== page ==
“We might do some sort of simple base assessment, throw a dowel on their back and do some squat jumps to see where they’re at from a velocity standpoint and look at that, and be able to load them accordingly.”
JS: What’s different about soldiers than the typical athlete is with an athlete, where you might have to take your boot and shove it up their butt to get them going. In this realm, you literally have to grab the reins like on a horse and pull them back. You have to talk to them about what recovery means, what detraining means, so they’re not overtraining or overreaching to a point where they can’t come back to a state of readiness. That’s where I’ve learned the most.
“You have to talk to them about what recovery means, what detraining means, so they’re not overtraining or overreaching to a point where they can’t come back to a state of readiness.”
You have some guys who are kicking down doors who are very physical. And some guys who sit in front of a computer for 12 hours a day, four days a week and then get three days off. So physicality, very minimal, but as far as stress through the eyes, nervous system stress, it’s taxing. They still need to recover even though they’re not the most physically gifted soldier in the world, they’re fried beyond belief. So working in mobility, working in recovery, working breathing, and the overall holistic approach to who they were to get them to a state of readiness.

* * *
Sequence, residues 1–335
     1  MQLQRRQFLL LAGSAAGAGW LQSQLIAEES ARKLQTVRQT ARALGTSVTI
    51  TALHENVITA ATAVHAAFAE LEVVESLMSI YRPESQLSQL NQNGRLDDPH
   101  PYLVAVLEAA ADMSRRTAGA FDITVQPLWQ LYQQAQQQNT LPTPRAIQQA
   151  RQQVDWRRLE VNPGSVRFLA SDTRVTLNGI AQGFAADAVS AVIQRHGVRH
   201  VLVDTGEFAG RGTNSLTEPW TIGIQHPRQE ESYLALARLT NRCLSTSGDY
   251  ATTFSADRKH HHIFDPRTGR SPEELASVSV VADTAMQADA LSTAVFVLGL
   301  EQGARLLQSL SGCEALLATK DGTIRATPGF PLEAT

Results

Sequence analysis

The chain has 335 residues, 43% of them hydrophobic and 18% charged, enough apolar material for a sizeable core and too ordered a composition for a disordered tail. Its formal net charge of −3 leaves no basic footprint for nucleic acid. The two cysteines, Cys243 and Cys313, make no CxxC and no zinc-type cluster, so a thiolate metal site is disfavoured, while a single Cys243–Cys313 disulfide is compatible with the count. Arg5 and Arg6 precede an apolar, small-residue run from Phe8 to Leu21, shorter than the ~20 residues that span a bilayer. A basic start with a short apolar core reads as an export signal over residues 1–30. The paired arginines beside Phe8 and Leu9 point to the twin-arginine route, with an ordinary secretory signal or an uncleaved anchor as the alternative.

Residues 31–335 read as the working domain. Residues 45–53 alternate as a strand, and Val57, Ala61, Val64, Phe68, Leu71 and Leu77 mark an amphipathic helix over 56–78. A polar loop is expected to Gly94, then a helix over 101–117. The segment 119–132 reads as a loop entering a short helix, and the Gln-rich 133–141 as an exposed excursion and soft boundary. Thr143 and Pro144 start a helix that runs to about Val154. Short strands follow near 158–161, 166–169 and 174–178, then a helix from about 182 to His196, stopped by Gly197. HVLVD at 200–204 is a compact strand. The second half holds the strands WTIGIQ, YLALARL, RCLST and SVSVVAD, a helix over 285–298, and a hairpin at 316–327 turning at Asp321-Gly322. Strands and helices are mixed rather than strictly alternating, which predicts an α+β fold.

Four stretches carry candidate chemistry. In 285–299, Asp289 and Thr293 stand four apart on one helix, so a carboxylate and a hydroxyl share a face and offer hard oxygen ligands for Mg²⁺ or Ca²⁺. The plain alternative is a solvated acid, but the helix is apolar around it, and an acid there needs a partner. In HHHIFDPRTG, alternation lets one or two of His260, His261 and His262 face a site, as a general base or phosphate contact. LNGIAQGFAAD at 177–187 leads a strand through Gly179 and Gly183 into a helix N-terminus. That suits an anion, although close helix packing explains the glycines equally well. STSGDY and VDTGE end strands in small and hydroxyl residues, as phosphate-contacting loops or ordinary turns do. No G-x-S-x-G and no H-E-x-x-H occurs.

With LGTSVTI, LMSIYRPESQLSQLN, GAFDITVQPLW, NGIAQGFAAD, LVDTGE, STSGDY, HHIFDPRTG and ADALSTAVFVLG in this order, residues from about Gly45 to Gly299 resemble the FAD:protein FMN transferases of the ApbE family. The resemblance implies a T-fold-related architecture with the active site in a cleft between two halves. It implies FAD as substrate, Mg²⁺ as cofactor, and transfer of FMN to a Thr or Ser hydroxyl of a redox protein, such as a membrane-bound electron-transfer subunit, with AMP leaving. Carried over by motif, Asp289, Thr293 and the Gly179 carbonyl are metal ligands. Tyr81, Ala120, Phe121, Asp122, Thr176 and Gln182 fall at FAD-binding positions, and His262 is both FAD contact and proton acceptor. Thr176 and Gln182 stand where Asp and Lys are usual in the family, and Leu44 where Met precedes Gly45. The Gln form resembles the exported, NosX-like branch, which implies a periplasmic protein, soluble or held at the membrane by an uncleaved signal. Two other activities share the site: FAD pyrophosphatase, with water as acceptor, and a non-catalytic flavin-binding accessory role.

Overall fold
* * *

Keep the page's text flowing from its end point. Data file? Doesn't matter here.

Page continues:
Lastly, when you’re in the army you have to PT test once a year, so they have to get ready for it. The ability to prepare them for that, I’ve really enjoyed.
JS: The military side, soldiers already know how to push hard, so we’re trying to teach them to understand what a true state of readiness is. Why do you warm up? To get you to a state of high output. If you’re not in a state of high output, it’s because you’re overtrained or under recovered. Meaning you’re probably not sleeping and probably not properly fueling your body. And we can then talk to our guys about what good looks like.
I’m going to have my guys when they come in do those dowel squat jumps and it’ll give me an understanding of what their state of readiness is for the day, because it can vary so much especially with these guys day to day. If they’re green, we know they’re fresh and we’ll go full bore. If they’re yellow, we’ll drop 10% or so from a relative intensity perspective and if they’re red we’ll go with mobility and try to get them recovered.
And then we also use velocity for fatigue. These guys know how to go go go go go, and they’ll think “unless I literally feel a burn and cannot move my legs anymore, I’m just going to keep going.” But using velocity, we can set those parameters and say “hey when you start hitting a .35m/s, you’re done” and they understand that. For soldiers, less of performance, and more injury mitigation. That’s a huge part. Injury mitigation.